• In summary, tax evasion involves fraudulent practices that occur after tax liabilities arise, whereas tax planning and tax avoidance are legal means of minimizing tax liabilities.

Various Forms of Tax Evasion and the Consequent Penalties in India:

Filing of Income Tax Returns after the Deadline:

Failure to file income tax returns in accordance with the relevant provisions of the Income Tax Act, 1961 can lead to penalties of up to Rs 5,000 as imposed by the assessing officer.

Concealment of Income to Evade Taxes:

A taxpayer attempting to conceal actual earnings or income is liable for a penalty between 100% and 300% of the amount of tax evaded under Section 271(C).

Non-Compliance with Account Auditing:

As per Section 44AB, taxpayers are required to conduct account audits and provide audit reports. Failure to comply with these regulations results in a penalty of 0.5% of total sales, turnover or gross receipts or Rs 1,50,000, whichever is greater. Failure to present an accountant`s report under Section 92E attracts a penalty of Rs 1,00,000 or more.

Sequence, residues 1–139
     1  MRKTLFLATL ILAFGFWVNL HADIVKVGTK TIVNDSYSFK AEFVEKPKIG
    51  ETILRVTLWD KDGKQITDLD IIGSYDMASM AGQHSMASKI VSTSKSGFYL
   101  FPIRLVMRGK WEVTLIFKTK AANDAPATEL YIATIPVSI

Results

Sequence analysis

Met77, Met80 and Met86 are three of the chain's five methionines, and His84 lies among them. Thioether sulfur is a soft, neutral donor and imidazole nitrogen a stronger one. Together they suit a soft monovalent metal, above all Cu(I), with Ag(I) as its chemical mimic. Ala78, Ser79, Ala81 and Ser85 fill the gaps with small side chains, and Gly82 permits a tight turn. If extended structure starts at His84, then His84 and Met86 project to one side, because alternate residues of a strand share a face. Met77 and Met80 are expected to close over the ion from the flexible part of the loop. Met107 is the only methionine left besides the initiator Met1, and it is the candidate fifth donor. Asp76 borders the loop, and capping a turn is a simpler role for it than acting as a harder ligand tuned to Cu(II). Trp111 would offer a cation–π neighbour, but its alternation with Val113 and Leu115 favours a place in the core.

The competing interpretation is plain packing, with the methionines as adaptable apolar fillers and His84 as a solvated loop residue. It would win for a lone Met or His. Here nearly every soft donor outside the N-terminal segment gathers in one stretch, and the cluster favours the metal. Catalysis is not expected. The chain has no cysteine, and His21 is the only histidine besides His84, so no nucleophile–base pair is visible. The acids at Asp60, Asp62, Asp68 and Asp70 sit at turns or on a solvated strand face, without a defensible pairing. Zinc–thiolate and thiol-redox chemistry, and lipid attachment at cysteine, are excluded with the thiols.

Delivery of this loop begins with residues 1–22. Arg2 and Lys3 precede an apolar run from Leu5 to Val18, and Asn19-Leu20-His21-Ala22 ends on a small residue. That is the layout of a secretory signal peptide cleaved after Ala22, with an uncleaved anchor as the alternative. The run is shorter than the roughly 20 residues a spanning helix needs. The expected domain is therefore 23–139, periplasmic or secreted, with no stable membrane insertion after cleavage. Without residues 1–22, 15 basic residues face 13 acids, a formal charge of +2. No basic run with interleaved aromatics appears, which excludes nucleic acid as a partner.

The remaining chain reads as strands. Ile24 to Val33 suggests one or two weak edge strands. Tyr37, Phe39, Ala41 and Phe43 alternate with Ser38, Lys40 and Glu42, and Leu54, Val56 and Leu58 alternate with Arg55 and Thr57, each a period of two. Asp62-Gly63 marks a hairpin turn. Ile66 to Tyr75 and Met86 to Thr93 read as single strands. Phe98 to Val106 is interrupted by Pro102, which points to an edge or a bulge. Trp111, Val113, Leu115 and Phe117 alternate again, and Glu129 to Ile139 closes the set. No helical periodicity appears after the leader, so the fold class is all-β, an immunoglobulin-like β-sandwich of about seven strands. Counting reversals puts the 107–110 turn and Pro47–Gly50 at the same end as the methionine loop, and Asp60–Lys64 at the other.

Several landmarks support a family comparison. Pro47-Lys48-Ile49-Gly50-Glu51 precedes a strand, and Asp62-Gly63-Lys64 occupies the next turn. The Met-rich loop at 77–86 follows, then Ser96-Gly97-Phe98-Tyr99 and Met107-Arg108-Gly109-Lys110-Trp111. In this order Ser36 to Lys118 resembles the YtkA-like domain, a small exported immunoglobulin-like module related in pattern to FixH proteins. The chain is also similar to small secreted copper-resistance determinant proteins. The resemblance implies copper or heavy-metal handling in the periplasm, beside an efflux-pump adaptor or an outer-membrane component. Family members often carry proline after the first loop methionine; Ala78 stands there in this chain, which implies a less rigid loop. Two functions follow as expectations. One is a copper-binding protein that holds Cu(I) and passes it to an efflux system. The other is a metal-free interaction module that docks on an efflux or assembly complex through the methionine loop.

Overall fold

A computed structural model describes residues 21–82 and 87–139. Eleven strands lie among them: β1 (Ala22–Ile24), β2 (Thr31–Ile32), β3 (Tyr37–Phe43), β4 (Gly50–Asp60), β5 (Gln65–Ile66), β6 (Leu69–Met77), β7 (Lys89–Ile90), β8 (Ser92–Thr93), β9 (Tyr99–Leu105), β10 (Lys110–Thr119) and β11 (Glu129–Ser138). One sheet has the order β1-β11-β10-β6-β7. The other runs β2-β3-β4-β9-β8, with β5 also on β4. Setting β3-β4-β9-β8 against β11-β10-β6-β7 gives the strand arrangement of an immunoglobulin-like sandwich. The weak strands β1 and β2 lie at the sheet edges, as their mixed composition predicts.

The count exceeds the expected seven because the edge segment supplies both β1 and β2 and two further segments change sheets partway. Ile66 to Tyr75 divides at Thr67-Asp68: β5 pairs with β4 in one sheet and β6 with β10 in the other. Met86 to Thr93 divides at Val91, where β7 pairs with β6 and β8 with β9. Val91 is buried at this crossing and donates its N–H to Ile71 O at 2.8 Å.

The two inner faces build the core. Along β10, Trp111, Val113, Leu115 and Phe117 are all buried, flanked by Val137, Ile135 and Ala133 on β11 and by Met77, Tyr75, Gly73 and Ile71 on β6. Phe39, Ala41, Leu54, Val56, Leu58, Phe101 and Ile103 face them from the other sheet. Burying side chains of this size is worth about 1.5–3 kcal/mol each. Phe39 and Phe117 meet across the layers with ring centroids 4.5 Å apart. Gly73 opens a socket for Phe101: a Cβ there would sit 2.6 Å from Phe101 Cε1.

Non-Compliance with TDS Rules:

Failure to obtain a Tax Deduction and Collection Account Number (TAN) while deducting or collecting tax at source can result in a penalty of Rs 10,000. For delays in filing tax deducted at source (TDS) or tax collected at source (TCS) returns, a penalty of Rs 200 per day is imposed, not exceeding the TDS amount. The tax authorities may also impose penalties for inaccurate information or non-filing of TDS or TCS returns before the due dates. The penalty can range from Rs 10,000 to Rs 1,00,000.

Wilful Tax Evasion:

As per Section 276C, if a taxpayer willfully attempts to evade tax or under-report income with an amount exceeding Rs 25 lakh, it results in a jail term of at least six months to seven years along with a fine.

Incorrect PAN Details or Non-Furnishing of PAN Card Number: